I heard something on a cold war podcast the other day that was new to me. In the first part of the cold war the Americans asked Norwegian generals if they had suggestions for bombing targets if the Third world war started. In addition to targets in the USSR the Generals suggested bombing air force bases in Finland! The reason was that the Soviets ould probably spread out their fighters and bombers after the first NATO attack and the Norwegians suspected they would take over air force bases in Finland. NATO should destroy the air force bases in Finland in a pre-emptive strike, said the generals. Norwegian fighter jets and US bombers even trained at doing this bombing raid. Not our finest hour, to quote Bond.

Last edited by Number24 (8th Nov 2018 10:13)

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Number24 wrote:

...why would the Germans cut off Finland's trade routes? .... NATO should destroy the air force bases in Finland in a pre-emptive strike, said the generals. Norwegian fighter jets and US bombers even trained at doing this bombing raid. Not our finest hour, to quote Bond.

It was part of the gambit to get Finland to participate in the Operation Barbarossa. Remember, Finland was in pretty poor shape already after the winter war.

Don't worry about it, it only makes strategic sense. It's the same thing with the Finlands possible NATO membership; there is a lot of talk about whether we should join or not, but nobody stops to ask if NATO wants the long border with Russia that it has defend in case of war.
Now that you started to talk about the "Finest Hours"; I saw a report/whitepaper once from the '60s or '70s, that speculated with the possibilities to defend against a Soviet attack. One of the suggested courses of action was to infiltrate Russia and to start a terror campaign against civilian population. Pretty much the same that the Tchetchens did back in the '90s.

"I mean, she almost kills bond...with her ass."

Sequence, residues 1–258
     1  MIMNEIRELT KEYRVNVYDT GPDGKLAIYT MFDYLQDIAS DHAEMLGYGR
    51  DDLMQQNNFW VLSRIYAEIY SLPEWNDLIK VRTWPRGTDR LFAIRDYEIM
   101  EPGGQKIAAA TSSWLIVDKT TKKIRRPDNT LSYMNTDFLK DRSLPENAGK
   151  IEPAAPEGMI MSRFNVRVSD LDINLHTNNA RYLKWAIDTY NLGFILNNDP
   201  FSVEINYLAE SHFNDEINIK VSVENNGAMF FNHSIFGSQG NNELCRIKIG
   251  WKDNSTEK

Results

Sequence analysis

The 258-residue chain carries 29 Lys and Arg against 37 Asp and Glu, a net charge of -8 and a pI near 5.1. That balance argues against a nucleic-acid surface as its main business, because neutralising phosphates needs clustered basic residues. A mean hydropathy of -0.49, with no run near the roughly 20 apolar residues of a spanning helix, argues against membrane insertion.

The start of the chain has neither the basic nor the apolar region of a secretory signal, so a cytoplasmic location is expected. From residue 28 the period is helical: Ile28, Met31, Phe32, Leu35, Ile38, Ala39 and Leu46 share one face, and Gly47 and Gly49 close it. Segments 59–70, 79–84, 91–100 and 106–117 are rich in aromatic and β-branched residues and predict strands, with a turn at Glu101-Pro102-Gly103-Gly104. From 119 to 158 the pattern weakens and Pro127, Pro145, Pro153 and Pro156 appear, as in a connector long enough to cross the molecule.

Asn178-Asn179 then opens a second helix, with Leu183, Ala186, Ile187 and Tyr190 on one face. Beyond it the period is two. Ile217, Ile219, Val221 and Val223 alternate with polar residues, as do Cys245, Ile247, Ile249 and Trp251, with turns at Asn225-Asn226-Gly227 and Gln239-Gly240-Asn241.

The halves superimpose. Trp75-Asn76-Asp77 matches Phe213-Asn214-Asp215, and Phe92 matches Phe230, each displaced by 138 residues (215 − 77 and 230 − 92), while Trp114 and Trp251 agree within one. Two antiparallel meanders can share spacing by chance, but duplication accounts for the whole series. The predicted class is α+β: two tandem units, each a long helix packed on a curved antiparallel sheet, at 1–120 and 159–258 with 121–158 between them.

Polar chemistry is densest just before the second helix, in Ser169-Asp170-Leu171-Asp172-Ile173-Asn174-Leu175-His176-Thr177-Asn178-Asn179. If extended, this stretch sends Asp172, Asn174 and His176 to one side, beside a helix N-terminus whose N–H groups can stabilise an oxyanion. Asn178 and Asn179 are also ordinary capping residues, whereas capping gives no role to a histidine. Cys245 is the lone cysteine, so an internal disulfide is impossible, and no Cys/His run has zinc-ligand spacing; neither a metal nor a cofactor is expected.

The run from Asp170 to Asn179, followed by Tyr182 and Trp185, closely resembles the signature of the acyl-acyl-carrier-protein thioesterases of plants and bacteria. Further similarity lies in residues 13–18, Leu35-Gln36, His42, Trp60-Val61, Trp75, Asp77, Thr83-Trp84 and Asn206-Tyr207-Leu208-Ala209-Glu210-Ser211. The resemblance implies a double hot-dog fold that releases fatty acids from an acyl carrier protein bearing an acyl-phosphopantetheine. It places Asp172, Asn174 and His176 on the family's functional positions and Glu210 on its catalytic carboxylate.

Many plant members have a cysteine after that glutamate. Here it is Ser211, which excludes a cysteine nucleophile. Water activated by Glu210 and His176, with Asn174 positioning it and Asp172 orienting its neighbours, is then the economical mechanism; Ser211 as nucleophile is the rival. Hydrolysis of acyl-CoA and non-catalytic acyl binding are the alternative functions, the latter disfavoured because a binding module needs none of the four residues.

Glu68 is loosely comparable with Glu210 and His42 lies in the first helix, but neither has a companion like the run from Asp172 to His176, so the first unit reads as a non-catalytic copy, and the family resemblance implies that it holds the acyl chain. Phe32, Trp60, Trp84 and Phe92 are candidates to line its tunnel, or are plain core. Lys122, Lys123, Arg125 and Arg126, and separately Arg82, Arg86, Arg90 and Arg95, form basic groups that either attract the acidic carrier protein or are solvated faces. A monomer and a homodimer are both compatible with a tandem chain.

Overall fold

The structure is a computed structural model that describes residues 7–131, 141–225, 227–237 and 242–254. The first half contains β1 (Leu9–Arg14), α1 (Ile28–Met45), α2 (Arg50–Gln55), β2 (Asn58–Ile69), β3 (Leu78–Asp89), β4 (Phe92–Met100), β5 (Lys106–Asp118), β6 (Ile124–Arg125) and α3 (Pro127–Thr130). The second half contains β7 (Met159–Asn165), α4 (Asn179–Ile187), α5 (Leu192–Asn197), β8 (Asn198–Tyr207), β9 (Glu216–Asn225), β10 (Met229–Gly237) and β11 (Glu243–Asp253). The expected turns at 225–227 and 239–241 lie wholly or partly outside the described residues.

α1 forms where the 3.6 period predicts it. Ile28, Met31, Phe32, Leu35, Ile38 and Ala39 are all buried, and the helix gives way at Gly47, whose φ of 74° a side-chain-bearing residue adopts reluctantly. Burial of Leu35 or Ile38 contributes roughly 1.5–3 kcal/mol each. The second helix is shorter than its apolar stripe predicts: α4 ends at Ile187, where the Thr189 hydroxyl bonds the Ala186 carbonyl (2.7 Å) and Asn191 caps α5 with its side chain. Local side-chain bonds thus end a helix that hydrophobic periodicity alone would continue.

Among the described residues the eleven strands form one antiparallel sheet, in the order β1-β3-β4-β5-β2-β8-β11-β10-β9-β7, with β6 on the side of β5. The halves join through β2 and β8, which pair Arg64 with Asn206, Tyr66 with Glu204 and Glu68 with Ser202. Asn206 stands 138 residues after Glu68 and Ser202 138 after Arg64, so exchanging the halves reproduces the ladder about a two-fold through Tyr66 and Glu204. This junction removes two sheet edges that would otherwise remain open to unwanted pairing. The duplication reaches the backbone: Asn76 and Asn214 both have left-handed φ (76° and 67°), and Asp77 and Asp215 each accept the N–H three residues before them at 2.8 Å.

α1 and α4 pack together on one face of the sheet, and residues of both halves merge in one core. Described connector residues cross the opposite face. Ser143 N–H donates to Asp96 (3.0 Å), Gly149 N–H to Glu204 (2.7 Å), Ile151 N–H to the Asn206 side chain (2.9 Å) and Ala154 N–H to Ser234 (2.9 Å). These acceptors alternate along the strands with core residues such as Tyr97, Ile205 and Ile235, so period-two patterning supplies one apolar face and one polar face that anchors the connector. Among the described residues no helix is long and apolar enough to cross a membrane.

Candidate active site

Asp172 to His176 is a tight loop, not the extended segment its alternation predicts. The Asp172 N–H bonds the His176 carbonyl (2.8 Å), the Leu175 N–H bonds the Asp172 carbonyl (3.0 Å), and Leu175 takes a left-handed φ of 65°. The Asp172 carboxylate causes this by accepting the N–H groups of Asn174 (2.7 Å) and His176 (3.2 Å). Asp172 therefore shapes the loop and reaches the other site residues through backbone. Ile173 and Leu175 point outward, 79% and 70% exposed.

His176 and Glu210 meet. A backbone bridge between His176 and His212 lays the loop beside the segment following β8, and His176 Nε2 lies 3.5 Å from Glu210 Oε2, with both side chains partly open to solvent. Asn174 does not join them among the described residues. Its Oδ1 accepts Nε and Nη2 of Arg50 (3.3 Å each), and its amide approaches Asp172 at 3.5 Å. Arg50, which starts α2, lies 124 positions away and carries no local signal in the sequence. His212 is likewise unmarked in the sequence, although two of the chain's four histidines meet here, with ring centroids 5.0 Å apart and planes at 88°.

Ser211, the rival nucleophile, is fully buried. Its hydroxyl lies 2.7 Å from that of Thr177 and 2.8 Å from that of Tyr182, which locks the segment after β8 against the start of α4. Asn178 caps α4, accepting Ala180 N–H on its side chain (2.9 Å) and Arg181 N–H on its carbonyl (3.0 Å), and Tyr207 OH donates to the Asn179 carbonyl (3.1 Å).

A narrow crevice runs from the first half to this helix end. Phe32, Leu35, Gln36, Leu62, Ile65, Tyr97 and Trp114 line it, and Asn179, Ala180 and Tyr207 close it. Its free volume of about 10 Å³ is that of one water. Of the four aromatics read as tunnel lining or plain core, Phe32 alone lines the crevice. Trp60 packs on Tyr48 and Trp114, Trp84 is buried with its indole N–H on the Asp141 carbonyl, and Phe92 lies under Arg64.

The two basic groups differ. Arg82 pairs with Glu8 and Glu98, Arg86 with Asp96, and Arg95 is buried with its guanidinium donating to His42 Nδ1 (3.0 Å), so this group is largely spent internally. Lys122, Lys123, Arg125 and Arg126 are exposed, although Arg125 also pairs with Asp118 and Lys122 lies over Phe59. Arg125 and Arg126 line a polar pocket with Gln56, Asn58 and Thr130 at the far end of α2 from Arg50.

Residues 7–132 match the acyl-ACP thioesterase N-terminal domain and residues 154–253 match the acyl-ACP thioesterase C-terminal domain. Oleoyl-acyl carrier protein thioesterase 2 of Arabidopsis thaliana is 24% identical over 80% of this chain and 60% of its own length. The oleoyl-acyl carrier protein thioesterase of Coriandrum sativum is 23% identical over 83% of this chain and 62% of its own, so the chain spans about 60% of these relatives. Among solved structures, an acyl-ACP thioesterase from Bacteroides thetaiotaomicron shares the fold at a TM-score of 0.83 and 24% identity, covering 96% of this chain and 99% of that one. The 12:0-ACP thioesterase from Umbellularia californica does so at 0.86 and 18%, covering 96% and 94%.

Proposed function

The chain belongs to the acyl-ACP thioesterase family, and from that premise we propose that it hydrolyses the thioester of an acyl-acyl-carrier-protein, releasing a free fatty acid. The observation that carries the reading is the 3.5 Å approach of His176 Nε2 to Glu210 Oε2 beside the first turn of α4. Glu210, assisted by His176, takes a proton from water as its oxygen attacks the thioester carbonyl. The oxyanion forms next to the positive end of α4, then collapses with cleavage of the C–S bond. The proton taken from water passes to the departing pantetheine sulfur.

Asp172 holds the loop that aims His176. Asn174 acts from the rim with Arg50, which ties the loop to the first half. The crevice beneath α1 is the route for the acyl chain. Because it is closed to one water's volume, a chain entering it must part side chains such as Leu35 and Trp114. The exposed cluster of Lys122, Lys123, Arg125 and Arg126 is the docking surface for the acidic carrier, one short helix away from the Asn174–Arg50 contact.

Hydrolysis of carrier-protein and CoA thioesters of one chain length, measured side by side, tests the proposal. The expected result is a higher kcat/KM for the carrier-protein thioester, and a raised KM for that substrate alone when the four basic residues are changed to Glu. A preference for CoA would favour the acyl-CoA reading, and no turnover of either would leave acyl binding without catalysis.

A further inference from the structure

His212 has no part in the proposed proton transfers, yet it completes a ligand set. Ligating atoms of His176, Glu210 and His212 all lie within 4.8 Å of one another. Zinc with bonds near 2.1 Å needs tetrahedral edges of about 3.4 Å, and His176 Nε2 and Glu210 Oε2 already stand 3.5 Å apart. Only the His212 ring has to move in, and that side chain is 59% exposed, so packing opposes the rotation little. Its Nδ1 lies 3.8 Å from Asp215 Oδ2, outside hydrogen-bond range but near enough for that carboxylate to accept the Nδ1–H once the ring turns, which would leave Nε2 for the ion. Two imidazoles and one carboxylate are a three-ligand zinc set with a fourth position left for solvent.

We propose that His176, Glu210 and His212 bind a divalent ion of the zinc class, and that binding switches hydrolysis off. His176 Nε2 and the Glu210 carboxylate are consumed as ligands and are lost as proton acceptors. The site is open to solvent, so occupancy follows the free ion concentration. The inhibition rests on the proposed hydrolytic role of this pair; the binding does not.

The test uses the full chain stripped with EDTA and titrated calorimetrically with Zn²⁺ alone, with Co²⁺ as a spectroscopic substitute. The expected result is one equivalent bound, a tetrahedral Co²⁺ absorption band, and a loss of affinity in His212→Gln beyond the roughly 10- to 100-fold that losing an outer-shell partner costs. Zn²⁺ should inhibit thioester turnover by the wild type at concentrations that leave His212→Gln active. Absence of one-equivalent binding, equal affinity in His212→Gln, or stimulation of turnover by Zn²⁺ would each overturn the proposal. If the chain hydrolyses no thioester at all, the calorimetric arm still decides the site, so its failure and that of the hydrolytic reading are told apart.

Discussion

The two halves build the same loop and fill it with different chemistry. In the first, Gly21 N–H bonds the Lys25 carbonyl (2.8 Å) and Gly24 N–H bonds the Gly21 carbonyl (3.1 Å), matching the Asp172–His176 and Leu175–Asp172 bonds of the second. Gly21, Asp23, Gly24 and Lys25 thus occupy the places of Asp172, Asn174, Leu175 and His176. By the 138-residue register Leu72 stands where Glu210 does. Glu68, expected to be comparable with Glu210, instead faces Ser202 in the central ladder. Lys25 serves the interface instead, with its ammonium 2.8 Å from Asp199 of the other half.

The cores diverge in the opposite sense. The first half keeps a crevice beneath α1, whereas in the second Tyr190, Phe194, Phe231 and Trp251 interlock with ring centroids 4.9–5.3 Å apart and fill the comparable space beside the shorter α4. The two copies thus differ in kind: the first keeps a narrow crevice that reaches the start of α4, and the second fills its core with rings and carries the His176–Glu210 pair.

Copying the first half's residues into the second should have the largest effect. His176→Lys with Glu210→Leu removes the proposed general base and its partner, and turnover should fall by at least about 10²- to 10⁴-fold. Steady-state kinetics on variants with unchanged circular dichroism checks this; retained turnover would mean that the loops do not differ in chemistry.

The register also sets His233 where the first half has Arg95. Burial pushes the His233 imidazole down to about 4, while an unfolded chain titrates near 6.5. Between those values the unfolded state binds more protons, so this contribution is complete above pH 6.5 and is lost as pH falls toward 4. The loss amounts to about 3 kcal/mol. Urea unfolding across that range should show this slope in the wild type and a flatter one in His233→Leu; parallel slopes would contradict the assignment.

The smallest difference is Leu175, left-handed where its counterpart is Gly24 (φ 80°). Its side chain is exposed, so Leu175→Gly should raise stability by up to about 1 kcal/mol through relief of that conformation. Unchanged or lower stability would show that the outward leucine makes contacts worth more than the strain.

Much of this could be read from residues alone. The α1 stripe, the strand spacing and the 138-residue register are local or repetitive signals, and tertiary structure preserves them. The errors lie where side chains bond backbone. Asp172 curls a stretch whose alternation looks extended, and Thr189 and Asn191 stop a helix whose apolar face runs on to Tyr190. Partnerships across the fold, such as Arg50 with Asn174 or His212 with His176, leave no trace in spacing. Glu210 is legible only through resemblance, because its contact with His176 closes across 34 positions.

-Mr Arlington Beech

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I thought about the possibility that Germany blackmailing Finland into joining Barbarossa. Are there sources supporting this?
Finland has a better military than most NATO members, absolutely including Norway, so in that sense you are welcome. Russia will react very badly if Finland joins NATO, they will see it as an attempt to surround Russia with enemy states. Russia prefer to be surrounded only with obidient client states.

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There are no sources directly saying that "Germany black mailed Finland", but the situation was that after winter war, UK had approached Finland with suggestion that Finland would limit its contact and trade with Germany in exchange to exclusivity in UK foreign trade. But after Germany occupied Denmark and attacked Norway, UK cut immediately all shipments and traffic to the Nordics as well as the negotiations with Finland.
After this there really was no possibility of "Scandinavian Security" option. Next went France and that meant that Finland could not get support from the west. SU occupied the Baltic states, and that left us only with Petsamo as the only trade route that was not controlled either by the Germans or The SU.
In April Finland and Germany started political trade negotiations, but before this could be started we had to switch the lead negotiator, because Germans opinion of the then chairman of the Finnish delegation Axel Solitander was that he was too anglophile. He was replaced with Rainer von Fieandt, who convinced the Germans that negotiations with the west were really just a mistake.
When in the summer of 1940 the Russian pressuring of Finland was all the time increased, it was interpreted to mean a clear and present threat against Finlands independence and democratic values. The government with the wide support of the popular opinion sought to close us with Germany to get political support in the situation. The trade deal was struck in the July '40 and Germany became Finlands most important trade partner.
In December 1940 Finland started negotiations with Germany over the forming of the Finnish-Swedish union (which was promptly rejected), but also about wider support from Germany. According to the diary of the chair of the Finnish delegation in Saltzburg, Berlin and Helsinki during the summer '40 general Erik Heinrichs, the working hypothesis was always that Finland would end up in the war as the result of a Soviet assault, also according to the then minister of trade and industry Väinö Tanner, there were no official political or military agreements. There were however discussions about what kind of strategic plans would have to be followed in case of the Soviet attack.